Under the new border arrangements, UK businesses importing standard goods from the European Union, such as electronics and clothes, will be allowed to defer full customs declarations and any tariff payments for up to six months. Plant and animal products, such as meat, honey, milk and eggs, will be subject to customs checks starting in April. By July, companies will have to make full declarations and pay tariffs at the point of importation.
The government said in a statement that its approach will “give industry extra time to make necessary arrangements.”
The policy reversal comes after UK business groups pushed in recent weeks for more clarity on border arrangements and the terms of future trade with the European Union, warning that companies already weakened by coronavirus fallout won’t be able to withstand another shock.
“The logistics industry is extremely grateful for the measures announced by the UK government to stage the introduction of new trading arrangements,” Elizabeth de Jong, policy director at the Freight Transport Association, said in a statement. “They have listened to our concerns and made allowances to enable our sector to recover from the Covid-19 pandemic and plan effectively so that we can continue to trade effectively with Europe,” she added.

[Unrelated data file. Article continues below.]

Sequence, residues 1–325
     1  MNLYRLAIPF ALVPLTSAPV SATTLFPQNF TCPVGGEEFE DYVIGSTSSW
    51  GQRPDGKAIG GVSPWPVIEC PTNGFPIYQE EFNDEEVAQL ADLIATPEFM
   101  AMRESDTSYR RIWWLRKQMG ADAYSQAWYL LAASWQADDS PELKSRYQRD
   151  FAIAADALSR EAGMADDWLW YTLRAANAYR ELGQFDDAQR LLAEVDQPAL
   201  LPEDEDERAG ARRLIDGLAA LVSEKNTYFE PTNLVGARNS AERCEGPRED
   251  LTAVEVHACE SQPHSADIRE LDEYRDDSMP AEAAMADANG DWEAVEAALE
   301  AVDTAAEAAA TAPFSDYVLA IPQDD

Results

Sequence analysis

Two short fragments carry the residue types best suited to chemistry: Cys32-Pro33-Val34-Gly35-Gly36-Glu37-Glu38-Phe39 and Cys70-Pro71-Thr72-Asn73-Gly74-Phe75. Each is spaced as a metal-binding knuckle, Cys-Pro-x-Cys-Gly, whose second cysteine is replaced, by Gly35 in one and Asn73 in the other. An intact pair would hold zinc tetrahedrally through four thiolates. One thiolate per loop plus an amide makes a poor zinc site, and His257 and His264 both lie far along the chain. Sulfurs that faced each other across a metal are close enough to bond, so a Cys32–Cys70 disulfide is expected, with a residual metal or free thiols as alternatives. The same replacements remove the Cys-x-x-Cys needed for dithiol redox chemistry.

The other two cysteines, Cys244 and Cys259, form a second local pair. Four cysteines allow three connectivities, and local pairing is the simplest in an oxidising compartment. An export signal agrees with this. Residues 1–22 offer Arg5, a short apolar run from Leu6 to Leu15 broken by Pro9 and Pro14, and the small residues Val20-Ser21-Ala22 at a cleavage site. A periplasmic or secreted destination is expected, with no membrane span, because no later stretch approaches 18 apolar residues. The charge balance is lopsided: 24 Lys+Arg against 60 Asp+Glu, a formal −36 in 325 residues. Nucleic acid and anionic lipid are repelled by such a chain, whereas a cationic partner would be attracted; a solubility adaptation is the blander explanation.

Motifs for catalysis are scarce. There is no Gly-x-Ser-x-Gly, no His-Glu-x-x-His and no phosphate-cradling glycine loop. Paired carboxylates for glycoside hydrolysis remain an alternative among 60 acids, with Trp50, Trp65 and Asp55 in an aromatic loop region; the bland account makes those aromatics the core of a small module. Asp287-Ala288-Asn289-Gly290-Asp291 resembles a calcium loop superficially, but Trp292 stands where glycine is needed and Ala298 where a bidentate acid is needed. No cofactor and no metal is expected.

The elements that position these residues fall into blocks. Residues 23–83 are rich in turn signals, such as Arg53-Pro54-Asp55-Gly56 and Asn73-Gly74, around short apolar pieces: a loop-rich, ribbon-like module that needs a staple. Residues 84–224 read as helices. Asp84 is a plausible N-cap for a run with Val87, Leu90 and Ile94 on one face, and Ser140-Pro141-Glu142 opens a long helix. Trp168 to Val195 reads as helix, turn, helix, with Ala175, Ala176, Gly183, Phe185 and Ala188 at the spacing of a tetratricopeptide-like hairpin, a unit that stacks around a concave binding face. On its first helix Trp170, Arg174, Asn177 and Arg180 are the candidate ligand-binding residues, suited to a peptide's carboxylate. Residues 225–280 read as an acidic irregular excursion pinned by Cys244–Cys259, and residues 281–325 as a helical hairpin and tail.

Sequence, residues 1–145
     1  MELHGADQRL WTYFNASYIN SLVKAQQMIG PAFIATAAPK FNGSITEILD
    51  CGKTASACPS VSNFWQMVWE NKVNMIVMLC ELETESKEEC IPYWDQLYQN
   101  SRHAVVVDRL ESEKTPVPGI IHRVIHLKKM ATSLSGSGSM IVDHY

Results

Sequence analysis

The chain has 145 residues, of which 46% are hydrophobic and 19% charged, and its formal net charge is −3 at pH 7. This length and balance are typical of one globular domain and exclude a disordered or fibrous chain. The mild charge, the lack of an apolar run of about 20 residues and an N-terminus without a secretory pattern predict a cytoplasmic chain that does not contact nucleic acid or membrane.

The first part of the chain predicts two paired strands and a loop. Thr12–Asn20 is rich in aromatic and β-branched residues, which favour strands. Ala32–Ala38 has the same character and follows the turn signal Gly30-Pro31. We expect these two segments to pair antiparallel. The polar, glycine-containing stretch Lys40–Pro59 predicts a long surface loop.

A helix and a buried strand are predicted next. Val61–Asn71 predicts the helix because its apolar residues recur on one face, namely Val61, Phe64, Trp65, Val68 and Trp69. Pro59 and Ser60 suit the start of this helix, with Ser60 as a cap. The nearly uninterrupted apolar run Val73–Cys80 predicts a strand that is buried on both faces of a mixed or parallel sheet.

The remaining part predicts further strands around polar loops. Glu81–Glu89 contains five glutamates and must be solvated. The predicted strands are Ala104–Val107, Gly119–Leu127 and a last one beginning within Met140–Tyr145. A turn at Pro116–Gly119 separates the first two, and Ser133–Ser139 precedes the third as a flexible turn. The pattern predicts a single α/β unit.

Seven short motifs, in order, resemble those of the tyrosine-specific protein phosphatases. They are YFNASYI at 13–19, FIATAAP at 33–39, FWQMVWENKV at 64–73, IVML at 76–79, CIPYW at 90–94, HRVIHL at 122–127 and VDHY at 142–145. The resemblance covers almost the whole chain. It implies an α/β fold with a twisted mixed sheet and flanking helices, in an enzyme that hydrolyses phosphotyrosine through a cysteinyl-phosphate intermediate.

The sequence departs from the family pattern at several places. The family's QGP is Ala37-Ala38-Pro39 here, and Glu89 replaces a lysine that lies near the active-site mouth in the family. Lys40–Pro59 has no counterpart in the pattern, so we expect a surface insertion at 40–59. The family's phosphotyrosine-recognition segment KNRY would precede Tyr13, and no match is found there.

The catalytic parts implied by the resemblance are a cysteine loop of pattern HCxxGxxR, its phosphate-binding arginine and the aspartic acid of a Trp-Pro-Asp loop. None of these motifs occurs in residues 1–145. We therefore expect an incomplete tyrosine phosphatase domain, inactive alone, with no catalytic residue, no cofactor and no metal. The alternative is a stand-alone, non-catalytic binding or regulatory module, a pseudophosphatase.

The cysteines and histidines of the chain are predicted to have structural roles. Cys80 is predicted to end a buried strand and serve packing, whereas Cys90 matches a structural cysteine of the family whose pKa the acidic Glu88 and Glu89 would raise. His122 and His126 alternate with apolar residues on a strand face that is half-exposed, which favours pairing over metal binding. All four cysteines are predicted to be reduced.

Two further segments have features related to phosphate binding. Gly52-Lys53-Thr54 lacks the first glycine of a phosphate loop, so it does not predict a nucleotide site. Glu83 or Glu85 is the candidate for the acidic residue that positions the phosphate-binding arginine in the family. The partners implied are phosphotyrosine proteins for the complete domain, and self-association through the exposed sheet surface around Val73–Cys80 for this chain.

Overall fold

The government also announced that it would build new border facilities, including at ports and inland sites, so that customs checks can be carried out, and unveiled a £50 million ($63 million) package to better enable customs intermediaries, such as brokers, freight forwarders and parcel operators, to prepare.
The biggest crunch point is expected to be the English Channel crossing between Dover and the French town of Calais. The port of Dover handled 2.5 million trucks in 2018 and another 1.7 million passed through the nearby Eurotunnel under the channel.
Double whammy ahead?
Britain is in a precarious economic position.
British companies have borrowed nearly £35 billion ($44.4 billion) so far under government coronavirus relief programs, according to figures released Tuesday by the UK Treasury. And nearly 9 million people — about 27% of the workforce — are relying on the state to pay all or part of their salary at a cost of £19.6 billion ($22.2 billion) thus far.
Now fears are rising that businesses could face a one-two punch from coronavirus and cutting its remaining ties with the European Union without a deal in place to protect trade. Talks on a new trade agreement have made little progress.
“Negotiators seem to be stuck at an impasse and are far apart on key issues such as governance, level-playing-field rules, fishing and, critically, the Northern Irish border,” economists at Berenberg Bank said in a note Friday.
The Organization for Economic Cooperation and Development expects the UK economy to shrink by 11.5% this year even if a basic free trade agreement with the European Union is reached, and a second wave of infections is avoided.
A sharp increase in coronavirus cases coupled with a costly final exit from the European Union would only produce a deeper slump.
— Luke McGee contributed reporting.